If you really want to configure different JVMs you can export the JAVA_HOME or JRE_HOME environment variables inside the involved startup scripts. A good place could be the catalina.sh/catalina.bat script of the Tomcat installation itself though you have to take care to maintain this when upgrading Tomcat. Or you could set these environment variables inside the shell or batch script used to startup Tomcat. This depends on the OS used, so in your case you could create one or multiple shell scripts to start Tomcat.

Clearer now??

Btw.: I have recently played around with multiple Tomcats and session replication and migration on my machine. You don't have to worry about the Java environment variables for this as I said. But it's helpful to have some scripts which help you to manage multiple Tomcats or generate the server.xml files with different ports for each Tomcat. Of course it's not that much work with only two Tomcats...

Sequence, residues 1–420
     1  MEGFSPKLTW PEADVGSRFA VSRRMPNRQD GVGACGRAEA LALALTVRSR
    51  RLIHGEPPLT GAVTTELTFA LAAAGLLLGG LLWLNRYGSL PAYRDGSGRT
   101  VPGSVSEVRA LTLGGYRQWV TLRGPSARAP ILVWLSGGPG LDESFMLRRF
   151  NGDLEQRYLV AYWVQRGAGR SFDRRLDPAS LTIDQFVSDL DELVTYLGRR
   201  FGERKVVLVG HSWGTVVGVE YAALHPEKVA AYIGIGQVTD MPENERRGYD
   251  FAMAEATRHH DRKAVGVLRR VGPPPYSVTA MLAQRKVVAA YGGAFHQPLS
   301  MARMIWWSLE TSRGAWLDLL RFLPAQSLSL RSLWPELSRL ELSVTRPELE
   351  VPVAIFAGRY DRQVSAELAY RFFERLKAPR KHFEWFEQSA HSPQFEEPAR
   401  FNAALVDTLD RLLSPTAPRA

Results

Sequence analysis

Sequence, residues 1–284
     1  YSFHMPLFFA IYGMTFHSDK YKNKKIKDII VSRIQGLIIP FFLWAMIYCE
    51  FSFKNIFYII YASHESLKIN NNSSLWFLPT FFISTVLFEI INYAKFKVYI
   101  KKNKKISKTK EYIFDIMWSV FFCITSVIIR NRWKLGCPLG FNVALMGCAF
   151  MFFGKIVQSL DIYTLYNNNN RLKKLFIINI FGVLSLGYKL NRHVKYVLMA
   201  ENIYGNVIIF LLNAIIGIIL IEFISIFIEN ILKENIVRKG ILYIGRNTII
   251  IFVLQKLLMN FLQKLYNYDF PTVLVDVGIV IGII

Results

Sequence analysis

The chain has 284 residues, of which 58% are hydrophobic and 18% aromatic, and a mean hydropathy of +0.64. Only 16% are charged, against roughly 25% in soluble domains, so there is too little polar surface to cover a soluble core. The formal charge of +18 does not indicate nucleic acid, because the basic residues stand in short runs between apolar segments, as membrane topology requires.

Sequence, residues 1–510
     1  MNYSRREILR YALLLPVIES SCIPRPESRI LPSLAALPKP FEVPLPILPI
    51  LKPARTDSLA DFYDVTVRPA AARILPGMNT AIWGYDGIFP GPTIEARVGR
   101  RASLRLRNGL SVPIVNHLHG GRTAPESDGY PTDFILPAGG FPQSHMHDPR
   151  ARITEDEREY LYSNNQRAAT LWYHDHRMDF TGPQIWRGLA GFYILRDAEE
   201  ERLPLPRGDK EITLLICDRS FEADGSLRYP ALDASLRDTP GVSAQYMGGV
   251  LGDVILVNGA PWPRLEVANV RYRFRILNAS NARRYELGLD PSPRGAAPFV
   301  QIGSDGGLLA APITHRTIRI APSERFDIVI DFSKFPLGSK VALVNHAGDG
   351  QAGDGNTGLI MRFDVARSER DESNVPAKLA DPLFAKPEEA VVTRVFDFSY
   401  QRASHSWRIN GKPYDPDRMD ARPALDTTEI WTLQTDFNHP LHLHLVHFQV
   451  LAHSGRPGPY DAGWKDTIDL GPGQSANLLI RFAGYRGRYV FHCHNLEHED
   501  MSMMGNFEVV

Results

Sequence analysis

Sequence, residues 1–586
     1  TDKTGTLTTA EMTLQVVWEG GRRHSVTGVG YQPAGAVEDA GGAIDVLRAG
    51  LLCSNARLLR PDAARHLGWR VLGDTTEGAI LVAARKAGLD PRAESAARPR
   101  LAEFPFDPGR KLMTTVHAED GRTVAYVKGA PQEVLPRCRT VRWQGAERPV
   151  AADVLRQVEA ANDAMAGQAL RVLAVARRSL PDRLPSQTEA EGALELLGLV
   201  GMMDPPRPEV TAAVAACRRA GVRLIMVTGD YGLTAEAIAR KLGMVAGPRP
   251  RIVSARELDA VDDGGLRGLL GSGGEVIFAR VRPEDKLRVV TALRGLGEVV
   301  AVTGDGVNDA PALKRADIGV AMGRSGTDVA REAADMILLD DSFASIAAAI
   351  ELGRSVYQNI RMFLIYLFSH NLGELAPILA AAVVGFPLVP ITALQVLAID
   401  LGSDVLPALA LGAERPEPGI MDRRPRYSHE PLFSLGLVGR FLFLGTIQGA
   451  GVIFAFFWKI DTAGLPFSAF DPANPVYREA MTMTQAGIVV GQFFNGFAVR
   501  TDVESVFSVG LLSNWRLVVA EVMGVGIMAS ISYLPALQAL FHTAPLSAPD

Marco
Chanakya Gupta
Ranch Hand

Joined: May 23, 2010
Posts: 34

Thankyou Marco !

Running two instances of Tomcat with the same JAVA_HOME and JRE_HOME
is possible. This implies the same JVM.

How to achieve what the book says,
'Beer Web App distributed across two VMs' ?

We need two distinct VMs, on the same OS. Right ?

Thankyou in advance !
Marco Ehrentreich
best scout
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Joined: Mar 07, 2007
Posts: 1280

Sorry, but I don't know "the book"

But I know what you mean As I said it IS possible to run multiple Tomcats with multiple JVMs on the same machine. You don't have to do anything to achieve this because each Tomcat starts its own JVM anyway. It's the same as starting any application on your computer twice although you just have to install the application once. So there is one installation of Java (to which JAVA_HOME should point) and two installations of Tomcat (because it's the easiest way to have different Tomcat configuration files). And each started Tomcat automatically runs in its own instance of the JVM. I don't even know if it would theoretically be possible to run two Tomcat instances insided only one JVM...